Naloxone Distribution

PI: Jane Buxton (BC Center for Disease Control, BC)

Leadership Group: Katherine Rittenbach (University of Alberta, AB); Carole Morissette (Centre intégré universitaire de santé et de services sociaux du Centre-Sud-de-l’Île-de-Montréal, QC); Pamela Leece (Ontario Public Health, ON); Tara Elton-Marshall (CAMH, ON); Amina Moustaquim-Barrette (BC Centre for Disease Control, BC)

As Canada finds itself amidst an evolving opioid public health crisis, including escalating mortality from overdose, the provision of ‘naloxone’ has been recognized as a key emergency measure and targeted tool to reverse opioid overdose and prevent mortality. Naloxone availability and distribution has evolved in different jurisdictions across Canada, in rather diversified ways; for example, federal and provincial legislation/regulations have been modified to expand naloxone distribution, and different naloxone distribution models and practices (e.g., injection/nasal; multiple availability sources; provision through first responders, peers, take-home programs) have been proposed or implemented in different jurisdictions, including provinces and/or municipalities. This project is made up of four sub-projects.

 Environmental Scan of Naloxone Parameters across Canada

Key parameters of current naloxone legislation/regulations, modes/products, availability, distribution practice across Canadian jurisdictions are not systematically documented. A previous cross-sectional effort was conducted some years ago but was limited to the state of ‘take-home naloxone’ and is now outdated. Objectives include:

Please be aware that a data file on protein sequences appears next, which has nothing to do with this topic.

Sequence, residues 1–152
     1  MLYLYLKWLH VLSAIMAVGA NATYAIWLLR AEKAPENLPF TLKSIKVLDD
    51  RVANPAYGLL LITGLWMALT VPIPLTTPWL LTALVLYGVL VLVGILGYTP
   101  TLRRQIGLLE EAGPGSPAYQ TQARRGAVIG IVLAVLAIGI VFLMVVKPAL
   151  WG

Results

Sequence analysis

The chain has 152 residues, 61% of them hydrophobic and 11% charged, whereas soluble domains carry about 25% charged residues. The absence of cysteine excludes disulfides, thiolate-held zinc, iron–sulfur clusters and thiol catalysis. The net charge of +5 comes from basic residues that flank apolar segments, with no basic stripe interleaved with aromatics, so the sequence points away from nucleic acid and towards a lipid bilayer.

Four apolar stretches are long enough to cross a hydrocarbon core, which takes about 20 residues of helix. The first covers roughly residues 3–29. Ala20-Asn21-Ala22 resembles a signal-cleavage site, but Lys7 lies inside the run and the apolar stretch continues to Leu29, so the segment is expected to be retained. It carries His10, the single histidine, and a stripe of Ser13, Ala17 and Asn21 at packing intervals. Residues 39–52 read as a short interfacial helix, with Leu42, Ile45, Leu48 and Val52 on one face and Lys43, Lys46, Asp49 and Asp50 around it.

• Undertake and regularly update a comprehensive review of naloxone availability and distribution across Canada,
  • Disseminate and distribute final scan to key stakeholders and policymakers to inform research and policy/practice

Development of Naloxone ‘Best Practice’ Guideline

Key parameters of current naloxone legislation/regulations, modes/products, availability, distribution practice vary considerably across Canadian jurisdictions, with some more developed/advanced than others or not fully aware of or based on current evidence. Objectives include:

  • Create an evidence-based ‘best practice’ document based on available evidence on practice and outcomes (including useful outcome indicators),
  • Disseminate and distribute document to help advance evidence-informed availability and practice development of naloxone availability and distribution

‘Repository’ of Canadian Data/Outcomes on Naloxone Distribution

This project provides an opportunity to centrally collect and document data through a central repository for existing and emerging process, evaluation and outcomes data re: naloxone distribution in Canada considered beneficial for evidence-based research and policy development. Objectives include:

  • Relevant process and outcome data (scientific/peer-reviewed as well as ‘grey’/informally published) on naloxone distribution, outcomes etc. in Canada will be identified and collected on an ongoing basis and developed into an accessible repository (e.g., CRISM website)

 Facilitating/supporting further evaluation/outcome research on naloxone distribution in Canada

As described, little process or outcome research – including outcome measurement indicators – on naloxone distribution and use (e.g., impact on utilization, overdose outcomes, mortality) exists in Canada to date. Objectives include:

  • Create proposals, and concrete empirical data/analyses (e.g., reports/publications) on naloxone uptake/dissemination, outcomes (e.g., re: opioid overdose, mortality)
  • Develop a knowledge mobilization strategy to disseminate these materials and engage providers and other stakeholders


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